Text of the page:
• Not asking for 5-Star reviews on popular real estate sites – Zillow, Trulia, etc.

I love training real estate agents but especially new agents because there are many basic, free things they can do to grow their sales.  If you are a new agent, are you currently getting reviews on the popular real estate portals like Zillow, Trulia, Realtor.com, etc.?  If your answer is, “no”, I want you to stop what you are doing and make this a priority.  Why?  Because we leave in a world that hinges upon public opinion and online reviews give you an opportunity to showcase why you should be someone’s agent of choice without you have to shamelessly promote yourself.  Others do it for you.  If you have ever decided to not purchase a product or visit a restaurant because of an online review, then you know what I mean.

Why post reviews to real estate portals?  Because those are the site where people that are looking to buy and sell homes go.  You need to have your praises posted where they will see them.  Plus, these sites do not charge (yet) for you to have a profile that features your 5-star reviews so you get free advertising and publicity on the real estate sites with the most traffic.  Thirdly, online reviews can create for you a steady stream of leads from these sites without you paying for ad placement – another win!

Lastly, notice the optimal phase her is 5-star review.  You should of course seek to improve yourself and solicit candid reviews from all of your clients.  But be sure that what goes online will be positive publicity for you by specifically soliciting reviews from clients that are excited about sharing their experience of you with others.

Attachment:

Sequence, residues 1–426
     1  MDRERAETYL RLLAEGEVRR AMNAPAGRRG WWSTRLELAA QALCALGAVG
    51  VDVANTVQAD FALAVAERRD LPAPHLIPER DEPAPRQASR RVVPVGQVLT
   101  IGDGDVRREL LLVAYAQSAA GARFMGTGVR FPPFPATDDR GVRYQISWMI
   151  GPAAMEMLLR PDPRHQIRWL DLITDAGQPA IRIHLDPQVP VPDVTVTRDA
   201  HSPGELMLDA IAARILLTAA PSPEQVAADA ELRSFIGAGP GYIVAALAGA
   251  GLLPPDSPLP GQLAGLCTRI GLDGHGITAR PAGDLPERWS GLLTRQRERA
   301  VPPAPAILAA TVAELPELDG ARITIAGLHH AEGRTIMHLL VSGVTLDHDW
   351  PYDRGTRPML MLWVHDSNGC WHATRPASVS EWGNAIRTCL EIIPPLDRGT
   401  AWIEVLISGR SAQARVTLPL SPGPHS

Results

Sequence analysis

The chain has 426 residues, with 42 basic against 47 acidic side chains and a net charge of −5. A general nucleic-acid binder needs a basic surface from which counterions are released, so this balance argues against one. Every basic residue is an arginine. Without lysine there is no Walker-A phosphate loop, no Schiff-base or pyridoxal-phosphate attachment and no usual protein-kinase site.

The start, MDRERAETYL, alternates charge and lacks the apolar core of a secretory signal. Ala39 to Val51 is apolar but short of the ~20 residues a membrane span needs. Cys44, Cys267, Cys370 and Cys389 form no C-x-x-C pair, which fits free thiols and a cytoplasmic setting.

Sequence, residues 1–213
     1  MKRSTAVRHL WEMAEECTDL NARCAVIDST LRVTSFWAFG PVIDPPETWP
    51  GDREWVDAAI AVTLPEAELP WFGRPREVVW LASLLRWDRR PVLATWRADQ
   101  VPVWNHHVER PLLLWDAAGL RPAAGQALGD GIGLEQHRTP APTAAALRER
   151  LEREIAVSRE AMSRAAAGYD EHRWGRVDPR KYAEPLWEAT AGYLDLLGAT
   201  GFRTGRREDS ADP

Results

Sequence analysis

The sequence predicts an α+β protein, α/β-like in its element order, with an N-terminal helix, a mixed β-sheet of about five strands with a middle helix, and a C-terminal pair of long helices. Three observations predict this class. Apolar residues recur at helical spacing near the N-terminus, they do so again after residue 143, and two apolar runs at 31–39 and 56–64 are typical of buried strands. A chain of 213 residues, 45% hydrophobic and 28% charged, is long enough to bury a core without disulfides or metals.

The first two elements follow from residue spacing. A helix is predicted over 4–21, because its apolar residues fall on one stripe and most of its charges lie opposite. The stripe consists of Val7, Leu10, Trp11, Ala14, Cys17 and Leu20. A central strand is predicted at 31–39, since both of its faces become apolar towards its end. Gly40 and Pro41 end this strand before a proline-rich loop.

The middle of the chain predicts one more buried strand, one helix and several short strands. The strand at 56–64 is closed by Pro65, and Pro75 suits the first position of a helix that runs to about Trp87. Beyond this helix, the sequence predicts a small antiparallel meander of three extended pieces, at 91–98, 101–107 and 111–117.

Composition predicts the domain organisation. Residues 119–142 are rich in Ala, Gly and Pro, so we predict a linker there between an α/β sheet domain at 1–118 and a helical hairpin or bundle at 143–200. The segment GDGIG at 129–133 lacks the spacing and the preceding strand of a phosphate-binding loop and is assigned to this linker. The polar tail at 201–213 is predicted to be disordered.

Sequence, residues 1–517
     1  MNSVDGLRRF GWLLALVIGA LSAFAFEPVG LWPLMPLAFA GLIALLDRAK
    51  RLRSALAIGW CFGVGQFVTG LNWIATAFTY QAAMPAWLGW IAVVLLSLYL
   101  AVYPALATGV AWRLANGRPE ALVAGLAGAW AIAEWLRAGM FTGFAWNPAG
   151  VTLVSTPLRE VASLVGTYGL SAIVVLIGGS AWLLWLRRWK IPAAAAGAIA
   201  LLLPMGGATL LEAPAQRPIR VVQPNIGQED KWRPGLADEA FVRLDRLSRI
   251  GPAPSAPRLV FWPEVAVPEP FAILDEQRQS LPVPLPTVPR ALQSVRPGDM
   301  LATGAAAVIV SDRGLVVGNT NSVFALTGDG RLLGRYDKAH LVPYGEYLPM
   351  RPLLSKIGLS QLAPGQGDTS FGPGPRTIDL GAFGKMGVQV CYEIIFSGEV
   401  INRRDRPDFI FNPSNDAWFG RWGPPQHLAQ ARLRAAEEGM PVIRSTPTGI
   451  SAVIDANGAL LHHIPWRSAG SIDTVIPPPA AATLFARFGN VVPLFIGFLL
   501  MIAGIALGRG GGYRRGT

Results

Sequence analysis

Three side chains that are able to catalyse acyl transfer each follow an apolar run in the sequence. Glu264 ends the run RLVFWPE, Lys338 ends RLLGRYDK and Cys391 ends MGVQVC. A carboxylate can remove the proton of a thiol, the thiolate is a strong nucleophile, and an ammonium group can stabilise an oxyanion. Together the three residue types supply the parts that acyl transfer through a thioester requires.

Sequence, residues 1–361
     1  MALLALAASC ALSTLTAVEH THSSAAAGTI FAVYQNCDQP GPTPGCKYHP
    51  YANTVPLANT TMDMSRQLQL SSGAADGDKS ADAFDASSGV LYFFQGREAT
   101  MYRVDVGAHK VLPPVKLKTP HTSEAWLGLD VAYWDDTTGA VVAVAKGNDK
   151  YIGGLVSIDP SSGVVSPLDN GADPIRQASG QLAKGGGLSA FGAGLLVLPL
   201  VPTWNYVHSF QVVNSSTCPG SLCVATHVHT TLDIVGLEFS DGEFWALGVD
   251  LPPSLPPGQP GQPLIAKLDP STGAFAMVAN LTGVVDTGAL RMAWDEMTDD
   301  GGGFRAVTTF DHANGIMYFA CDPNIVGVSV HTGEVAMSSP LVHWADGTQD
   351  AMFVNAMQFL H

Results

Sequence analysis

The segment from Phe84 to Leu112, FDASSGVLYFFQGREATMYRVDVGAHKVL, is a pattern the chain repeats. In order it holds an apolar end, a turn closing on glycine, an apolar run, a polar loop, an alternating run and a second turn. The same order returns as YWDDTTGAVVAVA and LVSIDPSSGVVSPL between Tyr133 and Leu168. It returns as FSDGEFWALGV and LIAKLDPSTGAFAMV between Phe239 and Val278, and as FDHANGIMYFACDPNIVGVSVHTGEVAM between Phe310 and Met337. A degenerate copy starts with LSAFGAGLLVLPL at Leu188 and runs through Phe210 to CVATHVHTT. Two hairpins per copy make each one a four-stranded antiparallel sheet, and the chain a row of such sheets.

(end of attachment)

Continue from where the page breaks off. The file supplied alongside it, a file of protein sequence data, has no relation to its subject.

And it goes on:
• Not aggressively ensuring your website has an effective lead capture system

As a new agent, you may be using some of the tried-and-true methods of marketing like sending out postcards and going door-knocking.  Or, you may be a fancy blogger or internet marketer, with ads galore on Facebook.  Regardless, your marketing materials all list your website address.  You encounter curious potential buyers and sellers, who hop on their cell phones and tablets to check the “deets” on your site.  Then they move on to another webpage or log off entirely.  But wait, did your website collect their contact information?  If you have not done any customizations to the website your realty firm or MLS gave you, then your answer is likely, “no”.  This is a faux pas that IS costing you precious leads, diluting the effectiveness of your marketing, and ultimately wasting your advertising dollars.

It is not enough to just have a remote contact form on your website.  You have to mobilize people to leave their information by offering them something of value through a call to action (CTA).  In your neck of the real estate woods, you can offer guides that explain a Shortlist of Being New to the Area, Best Schools, Hot Spots, How to Buy a Home and Sell Real Estate in _______ (name your targeted city/town), Top New Construction Builders and Develops, and the list goes on.  In order for site visitors to get these complimentary downloads, they have to input their bona fide contact information – a win-win.  Such a CTA will typically require customizations to your existing website or an altogether new website, which is worth it to know that the traffic you are driving to your site with ads, postcards, and other publicity is being effectively captured.